Original article can be found here ➤  http://www.sun-sentinel.com




PEMBROKE PINES, Fla. - A small plane landed safely at North Perry Airport in Pembroke Pines Thursday morning after experiencing mechanical problems, authorities said.

Authorities said the plane's front wheel would not lock into place as the pilot attempted to land the plane.

Federal Aviation Administration spokeswoman Kathleen Bergen confirmed that the Piper PA-28R-200 Arrow II nose gear collapsed as it landed at 9:20 a.m.

Pilot Richard Uecker, who witnessed the hard landing, told Local 10 News that he was about to take off when he saw the plane was having problems with its nose gear. He took cellphone video of the emergency landing.

"I told him maybe he could go ahead and try to go back up and crank it back down, but he said he has already tried that, and he tried to hit the runway and bounce it to see if it would lock into place, but it didn't. So he came in and landed on his nose," Uecker said. 

Pembroke Pines police said the plane landed safely and the pilot and passenger got out injury free.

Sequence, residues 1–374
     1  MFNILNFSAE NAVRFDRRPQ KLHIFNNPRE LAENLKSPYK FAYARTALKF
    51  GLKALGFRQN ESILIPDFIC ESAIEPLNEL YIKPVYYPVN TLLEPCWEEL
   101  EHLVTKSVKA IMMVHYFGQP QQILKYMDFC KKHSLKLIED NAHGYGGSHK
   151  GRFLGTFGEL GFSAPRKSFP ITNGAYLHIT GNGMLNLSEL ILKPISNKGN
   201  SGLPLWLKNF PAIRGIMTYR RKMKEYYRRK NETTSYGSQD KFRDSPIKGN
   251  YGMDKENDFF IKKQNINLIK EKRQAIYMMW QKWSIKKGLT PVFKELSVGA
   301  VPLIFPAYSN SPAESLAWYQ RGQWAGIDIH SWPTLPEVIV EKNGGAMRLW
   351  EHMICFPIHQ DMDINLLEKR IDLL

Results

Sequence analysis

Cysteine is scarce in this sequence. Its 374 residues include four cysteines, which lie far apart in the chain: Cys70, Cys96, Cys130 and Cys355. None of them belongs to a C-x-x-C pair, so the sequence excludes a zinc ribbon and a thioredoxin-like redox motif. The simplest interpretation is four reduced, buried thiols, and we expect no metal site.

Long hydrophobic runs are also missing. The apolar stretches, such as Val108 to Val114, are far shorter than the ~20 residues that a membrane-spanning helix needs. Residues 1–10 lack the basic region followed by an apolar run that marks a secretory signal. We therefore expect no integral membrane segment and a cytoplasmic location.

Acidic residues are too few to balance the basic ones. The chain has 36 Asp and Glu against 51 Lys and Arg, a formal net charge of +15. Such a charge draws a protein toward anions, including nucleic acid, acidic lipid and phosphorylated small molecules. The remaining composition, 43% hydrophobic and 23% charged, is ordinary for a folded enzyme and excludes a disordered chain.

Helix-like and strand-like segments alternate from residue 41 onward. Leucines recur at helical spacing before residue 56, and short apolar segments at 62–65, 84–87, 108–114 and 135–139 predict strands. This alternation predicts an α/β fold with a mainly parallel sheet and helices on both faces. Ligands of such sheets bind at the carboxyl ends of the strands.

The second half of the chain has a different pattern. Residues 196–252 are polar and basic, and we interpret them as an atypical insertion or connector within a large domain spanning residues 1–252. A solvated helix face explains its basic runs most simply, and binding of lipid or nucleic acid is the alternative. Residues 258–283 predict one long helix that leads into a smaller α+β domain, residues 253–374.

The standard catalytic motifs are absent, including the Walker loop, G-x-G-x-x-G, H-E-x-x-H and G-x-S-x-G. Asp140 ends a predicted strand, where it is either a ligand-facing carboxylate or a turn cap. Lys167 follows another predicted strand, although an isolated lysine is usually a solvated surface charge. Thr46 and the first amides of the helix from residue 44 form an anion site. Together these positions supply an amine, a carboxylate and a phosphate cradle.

"He did great. He kept it on the center line and everything turned out fine," Uecker said.

Sky 10 was over the airport as the pilot kissed the ground after getting out of the plane.

"We had a Piper Arrow with a forced landing. Both pilot and student are safe and unharmed. They did a fantastic job and executed emergency procedures flawlessly," Wayman Aviation Vice President Eddy Luy said in a statement.

The plane is registered to Father & Daughter Aviation LLC in Sunny Isles Beach.

Although there were no injuries, the plane still sustained considerable damage.

"Anytime you have a prop strike like that you are going to have to tear the engine down and redo that," Uecker said. "It is probably going to be about $25,000 worth of damage to that airplane."

The FAA is investigating the incident. 

Original article can be found here ➤ https://www.local10.com




PEMBROKE PINES, FLA. (WSVN) - A pilot was forced to think quickly when his plane began to malfunction mid-air.

A small plane made an emergency landing at North Perry Airport after the pilot realized the landing gear would not stay down, Thursday morning.

7Skyforce was over the scene as the Piper PA-28R-200 Arrow II circled the airport for about 45 minutes and attempted two landings before successfully landing on the third try.

Video showed the plane hitting the runway nose-first. The airport was shutdown temporarily as the plane tried to figure out the safest way to come down.

“They came out of the pattern, went out over the practice area, did all their troubleshooting, communicated to the tower so that the airport was prepared,” said Eddie Luy with Wayman Aviation.